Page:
State pension to make up ‘greatest proportion of income’ for women – gender gap exposed

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The findings came amid research showing women retiring in 2021 expect average retirement incomes which are 25 percent or £4,600 per year lower than male counterparts. This new research, from the independent equity release adviser Key, found men expect their annual income to be £23,646.

In comparison, women expect theirs to be £4,655 lower at £18,991.

According to the ‘Retirement Ready 2021’ study into the finances and ambitions of more than 1,000 people expecting to finish full-time work in 2021, the gender gap is even more stark if taken over a 20-year retirement period.

Over this time, men can expect to receive £93,000 more than women.

However, Key said 2021’s crop of retirees have seen the gender gap close slightly from 2020 when men expected 29 percent more income compared to women, at £22,876 versus £17,762.

Nearly a third of women (29 percent) expect to retire on less than the Joseph Rowntree Foundation’s (JRF) Minimum Income Standard of £12,500 – a proportion that has risen since 2020 (27 percent).

The research found men’s retirement income was more stable, with less than one in five (17 percent) expecting to be below this minimum standard in both 2020 and 2021.

Worryingly, a large proportion of women retiring this year said they don’t know what their retirement income will be, with a fifth (20 percent) unsure about their finances, more than double the proportion of men (nine percent).

So, what do the sources of a person’s retirement income look like?

Income from company pension schemes make up the greatest proportion of men’s income in retirement (34 percent), the survey found.

This is followed by the state pension, at 30 percent.

On the other hand, women expect to receive the greatest proportion of their retirement income from the state pension (34 percent), followed by company pension schemes (29 percent).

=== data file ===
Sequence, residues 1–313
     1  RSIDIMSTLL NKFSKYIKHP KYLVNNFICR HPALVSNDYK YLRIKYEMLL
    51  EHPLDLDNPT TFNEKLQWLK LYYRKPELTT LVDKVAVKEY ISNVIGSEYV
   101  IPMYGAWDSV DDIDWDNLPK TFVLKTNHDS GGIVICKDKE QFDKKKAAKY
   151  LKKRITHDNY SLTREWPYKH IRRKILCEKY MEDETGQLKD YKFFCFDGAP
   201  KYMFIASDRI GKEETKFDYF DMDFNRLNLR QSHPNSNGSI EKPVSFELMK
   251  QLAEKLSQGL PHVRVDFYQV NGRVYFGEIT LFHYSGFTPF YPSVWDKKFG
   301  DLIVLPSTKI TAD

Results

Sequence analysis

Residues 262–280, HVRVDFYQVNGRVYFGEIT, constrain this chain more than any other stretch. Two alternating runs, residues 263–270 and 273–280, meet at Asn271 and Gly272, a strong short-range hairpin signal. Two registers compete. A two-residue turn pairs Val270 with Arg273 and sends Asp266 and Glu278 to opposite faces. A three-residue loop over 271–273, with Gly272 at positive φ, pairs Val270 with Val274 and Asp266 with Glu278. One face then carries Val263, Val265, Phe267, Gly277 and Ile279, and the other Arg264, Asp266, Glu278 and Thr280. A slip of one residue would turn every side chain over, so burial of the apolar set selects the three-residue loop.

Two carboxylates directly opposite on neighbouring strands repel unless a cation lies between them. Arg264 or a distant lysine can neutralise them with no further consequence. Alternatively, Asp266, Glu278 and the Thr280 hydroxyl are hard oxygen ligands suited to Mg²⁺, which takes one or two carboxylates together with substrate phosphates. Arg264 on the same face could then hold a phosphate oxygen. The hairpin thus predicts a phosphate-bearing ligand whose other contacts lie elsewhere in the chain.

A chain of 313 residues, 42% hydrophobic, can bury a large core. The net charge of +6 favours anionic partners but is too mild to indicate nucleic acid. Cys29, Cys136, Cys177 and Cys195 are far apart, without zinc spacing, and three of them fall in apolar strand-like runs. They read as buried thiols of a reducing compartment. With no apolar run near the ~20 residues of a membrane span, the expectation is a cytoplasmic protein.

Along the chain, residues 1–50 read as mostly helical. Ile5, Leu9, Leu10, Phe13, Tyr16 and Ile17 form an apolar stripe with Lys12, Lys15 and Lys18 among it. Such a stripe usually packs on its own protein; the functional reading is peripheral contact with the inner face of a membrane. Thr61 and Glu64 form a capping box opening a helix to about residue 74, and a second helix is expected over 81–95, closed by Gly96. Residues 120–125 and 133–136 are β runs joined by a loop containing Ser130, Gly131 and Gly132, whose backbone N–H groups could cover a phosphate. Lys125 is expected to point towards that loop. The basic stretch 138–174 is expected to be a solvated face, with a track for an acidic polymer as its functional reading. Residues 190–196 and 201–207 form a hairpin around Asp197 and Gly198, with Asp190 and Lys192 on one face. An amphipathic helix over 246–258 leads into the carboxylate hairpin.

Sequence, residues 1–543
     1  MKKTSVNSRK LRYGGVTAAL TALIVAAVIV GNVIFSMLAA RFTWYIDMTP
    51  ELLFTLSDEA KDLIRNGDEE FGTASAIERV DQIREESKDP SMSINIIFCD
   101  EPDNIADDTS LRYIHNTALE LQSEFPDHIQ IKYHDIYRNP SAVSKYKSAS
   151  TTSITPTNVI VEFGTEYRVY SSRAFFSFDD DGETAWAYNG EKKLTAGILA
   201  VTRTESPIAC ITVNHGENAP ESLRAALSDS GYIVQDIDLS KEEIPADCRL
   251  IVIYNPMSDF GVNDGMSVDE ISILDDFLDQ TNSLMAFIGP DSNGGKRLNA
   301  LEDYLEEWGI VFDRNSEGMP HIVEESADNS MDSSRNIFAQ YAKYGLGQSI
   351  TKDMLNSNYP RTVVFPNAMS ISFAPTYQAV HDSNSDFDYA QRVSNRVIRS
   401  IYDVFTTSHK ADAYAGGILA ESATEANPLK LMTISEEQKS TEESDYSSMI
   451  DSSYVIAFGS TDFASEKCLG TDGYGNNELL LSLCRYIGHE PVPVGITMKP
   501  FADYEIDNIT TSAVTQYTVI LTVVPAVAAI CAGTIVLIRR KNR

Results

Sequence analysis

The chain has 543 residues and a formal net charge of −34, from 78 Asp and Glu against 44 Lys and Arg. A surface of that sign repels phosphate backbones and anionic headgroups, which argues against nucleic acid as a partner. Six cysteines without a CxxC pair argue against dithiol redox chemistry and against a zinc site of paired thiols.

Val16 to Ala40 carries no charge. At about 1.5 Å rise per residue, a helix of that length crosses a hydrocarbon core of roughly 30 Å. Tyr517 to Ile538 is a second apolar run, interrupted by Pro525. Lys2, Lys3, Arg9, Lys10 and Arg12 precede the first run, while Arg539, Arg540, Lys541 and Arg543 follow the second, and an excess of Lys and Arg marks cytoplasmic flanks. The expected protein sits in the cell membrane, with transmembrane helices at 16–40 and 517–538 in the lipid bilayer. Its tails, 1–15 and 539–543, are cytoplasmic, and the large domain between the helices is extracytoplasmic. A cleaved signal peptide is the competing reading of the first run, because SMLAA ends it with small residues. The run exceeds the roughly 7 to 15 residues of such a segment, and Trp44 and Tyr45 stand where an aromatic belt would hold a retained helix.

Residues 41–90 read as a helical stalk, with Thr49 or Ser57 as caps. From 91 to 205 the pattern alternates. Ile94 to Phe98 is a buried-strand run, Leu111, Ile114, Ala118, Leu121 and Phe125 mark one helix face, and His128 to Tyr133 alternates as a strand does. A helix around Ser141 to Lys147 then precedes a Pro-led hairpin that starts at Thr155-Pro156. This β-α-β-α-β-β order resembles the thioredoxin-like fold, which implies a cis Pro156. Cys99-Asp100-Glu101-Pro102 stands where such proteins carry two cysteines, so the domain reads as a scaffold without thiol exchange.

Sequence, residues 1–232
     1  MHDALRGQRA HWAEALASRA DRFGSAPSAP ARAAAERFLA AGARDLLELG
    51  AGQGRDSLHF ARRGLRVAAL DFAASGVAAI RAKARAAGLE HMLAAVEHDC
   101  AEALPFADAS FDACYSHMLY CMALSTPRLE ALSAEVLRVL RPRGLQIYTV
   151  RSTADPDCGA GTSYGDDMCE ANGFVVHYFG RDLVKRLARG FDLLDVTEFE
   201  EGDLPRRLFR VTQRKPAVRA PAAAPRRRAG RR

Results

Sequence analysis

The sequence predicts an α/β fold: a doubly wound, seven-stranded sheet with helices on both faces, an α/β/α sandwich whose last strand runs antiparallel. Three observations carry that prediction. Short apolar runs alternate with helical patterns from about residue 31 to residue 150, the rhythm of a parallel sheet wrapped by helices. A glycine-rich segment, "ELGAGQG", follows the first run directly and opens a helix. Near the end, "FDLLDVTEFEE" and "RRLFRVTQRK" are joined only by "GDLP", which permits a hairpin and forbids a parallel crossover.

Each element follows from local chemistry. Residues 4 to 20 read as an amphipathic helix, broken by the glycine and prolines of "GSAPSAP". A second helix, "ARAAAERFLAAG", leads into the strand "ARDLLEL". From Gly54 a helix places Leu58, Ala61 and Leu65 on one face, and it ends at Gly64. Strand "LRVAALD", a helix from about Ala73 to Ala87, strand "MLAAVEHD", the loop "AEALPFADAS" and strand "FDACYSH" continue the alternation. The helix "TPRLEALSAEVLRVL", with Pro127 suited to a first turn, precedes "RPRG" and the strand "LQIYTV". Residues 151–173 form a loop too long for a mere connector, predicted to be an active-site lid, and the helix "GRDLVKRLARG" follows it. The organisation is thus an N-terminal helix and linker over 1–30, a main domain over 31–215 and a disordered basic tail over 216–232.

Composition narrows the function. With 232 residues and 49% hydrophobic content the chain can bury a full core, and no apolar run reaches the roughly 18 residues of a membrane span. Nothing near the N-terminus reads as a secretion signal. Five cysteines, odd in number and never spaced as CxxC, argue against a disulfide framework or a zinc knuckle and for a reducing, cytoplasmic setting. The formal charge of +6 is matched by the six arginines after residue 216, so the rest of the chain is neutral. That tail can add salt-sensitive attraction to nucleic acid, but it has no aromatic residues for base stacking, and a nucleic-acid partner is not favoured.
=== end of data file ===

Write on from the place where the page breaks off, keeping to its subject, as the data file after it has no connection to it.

Personal pension came in third place for both men and women in terms of highest proportion of retirement income, standing at 15 percent for men and 11 percent for women in 2021.

Across both genders, 2021 has seen a decrease in reliance on company pension schemes with more looking to the state pension for income.

Other savings and investments make up 12 percent of retirement income for men, and 13 percent for women, the research found.

Women (15 percent) remain more likely to look at accessing their housing equity than their male counterparts (10 percent).

Will Hale, CEO at Key said: “With women typically earning less over the course of their careers, more likely to work part-time or need to juggle their career and caring responsibilities, the gender pay gap quickly becomes the gender pension’s gap at retirement.

“It is disheartening that in 2021, women still expect 25 percent less than their male counterparts and nearly a third expect their income to fall below Joseph Rowntree Foundation’s (JRF) Minimum Income Standard.

“There is no quick fix to this situation but it does illustrate how important it is to consider all your assets at retirement.”

Mr Hale added: “Planning your finances for retirement is important for everyone – but especially those who are either facing into the impact of the gender pension’s gap or a find themselves retired and struggling on less than the minimum income standard should speak to a specialist adviser.

“Making the most of your income in retirement is about knowing your options and getting good advice will ensure you consider how assets such as the equity you have in your home might allow you to live a more comfortable and fulfilling retirement.”

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